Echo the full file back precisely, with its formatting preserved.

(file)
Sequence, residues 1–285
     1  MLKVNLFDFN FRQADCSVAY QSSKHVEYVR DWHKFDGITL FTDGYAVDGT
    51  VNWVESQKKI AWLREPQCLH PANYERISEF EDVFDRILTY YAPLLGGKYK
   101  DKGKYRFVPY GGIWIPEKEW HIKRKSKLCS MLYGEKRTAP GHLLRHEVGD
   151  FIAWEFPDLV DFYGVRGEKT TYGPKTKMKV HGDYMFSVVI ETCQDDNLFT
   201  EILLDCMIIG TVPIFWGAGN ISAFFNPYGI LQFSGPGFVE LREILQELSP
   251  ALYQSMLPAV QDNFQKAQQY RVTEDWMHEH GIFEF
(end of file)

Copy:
Sequence, residues 1–285
     1  MLKVNLFDFN FRQADCSVAY QSSKHVEYVR DWHKFDGITL FTDGYAVDGT
    51  VNWVESQKKI AWLREPQCLH PANYERISEF EDVFDRILTY YAPLLGGKYK
   101  DKGKYRFVPY GGIWIPEKEW HIKRKSKLCS MLYGEKRTAP GHLLRHEVGD
   151  FIAWEFPDLV DFYGVRGEKT TYGPKTKMKV HGDYMFSVVI ETCQDDNLFT
   201  EILLDCMIIG TVPIFWGAGN ISAFFNPYGI LQFSGPGFVE LREILQELSP
   251  ALYQSMLPAV QDNFQKAQQY RVTEDWMHEH GIFEF